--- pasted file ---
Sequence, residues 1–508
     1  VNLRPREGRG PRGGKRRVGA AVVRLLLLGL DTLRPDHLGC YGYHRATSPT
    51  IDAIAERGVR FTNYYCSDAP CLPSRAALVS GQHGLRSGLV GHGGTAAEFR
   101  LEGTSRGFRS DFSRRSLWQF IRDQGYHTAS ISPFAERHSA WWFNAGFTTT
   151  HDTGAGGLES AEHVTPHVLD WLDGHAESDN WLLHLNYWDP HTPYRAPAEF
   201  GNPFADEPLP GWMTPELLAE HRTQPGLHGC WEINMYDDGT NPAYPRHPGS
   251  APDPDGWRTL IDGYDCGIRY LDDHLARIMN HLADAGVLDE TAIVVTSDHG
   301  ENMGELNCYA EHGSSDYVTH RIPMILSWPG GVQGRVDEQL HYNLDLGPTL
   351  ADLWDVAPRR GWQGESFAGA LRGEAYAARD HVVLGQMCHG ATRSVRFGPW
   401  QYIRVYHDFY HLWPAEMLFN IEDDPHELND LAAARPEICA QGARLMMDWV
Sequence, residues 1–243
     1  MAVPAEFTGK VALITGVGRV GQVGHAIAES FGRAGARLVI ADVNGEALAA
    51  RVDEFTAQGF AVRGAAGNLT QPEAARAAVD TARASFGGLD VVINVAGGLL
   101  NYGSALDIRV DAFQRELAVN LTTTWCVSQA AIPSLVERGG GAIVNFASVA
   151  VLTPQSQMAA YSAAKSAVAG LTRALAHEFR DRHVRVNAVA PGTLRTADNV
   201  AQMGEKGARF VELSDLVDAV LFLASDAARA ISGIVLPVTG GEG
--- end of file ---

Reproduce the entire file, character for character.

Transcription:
Sequence, residues 1–508
     1  VNLRPREGRG PRGGKRRVGA AVVRLLLLGL DTLRPDHLGC YGYHRATSPT
    51  IDAIAERGVR FTNYYCSDAP CLPSRAALVS GQHGLRSGLV GHGGTAAEFR
   101  LEGTSRGFRS DFSRRSLWQF IRDQGYHTAS ISPFAERHSA WWFNAGFTTT
   151  HDTGAGGLES AEHVTPHVLD WLDGHAESDN WLLHLNYWDP HTPYRAPAEF
   201  GNPFADEPLP GWMTPELLAE HRTQPGLHGC WEINMYDDGT NPAYPRHPGS
   251  APDPDGWRTL IDGYDCGIRY LDDHLARIMN HLADAGVLDE TAIVVTSDHG
   301  ENMGELNCYA EHGSSDYVTH RIPMILSWPG GVQGRVDEQL HYNLDLGPTL
   351  ADLWDVAPRR GWQGESFAGA LRGEAYAARD HVVLGQMCHG ATRSVRFGPW
   401  QYIRVYHDFY HLWPAEMLFN IEDDPHELND LAAARPEICA QGARLMMDWV
Sequence, residues 1–243
     1  MAVPAEFTGK VALITGVGRV GQVGHAIAES FGRAGARLVI ADVNGEALAA
    51  RVDEFTAQGF AVRGAAGNLT QPEAARAAVD TARASFGGLD VVINVAGGLL
   101  NYGSALDIRV DAFQRELAVN LTTTWCVSQA AIPSLVERGG GAIVNFASVA
   151  VLTPQSQMAA YSAAKSAVAG LTRALAHEFR DRHVRVNAVA PGTLRTADNV
   201  AQMGEKGARF VELSDLVDAV LFLASDAARA ISGIVLPVTG GEG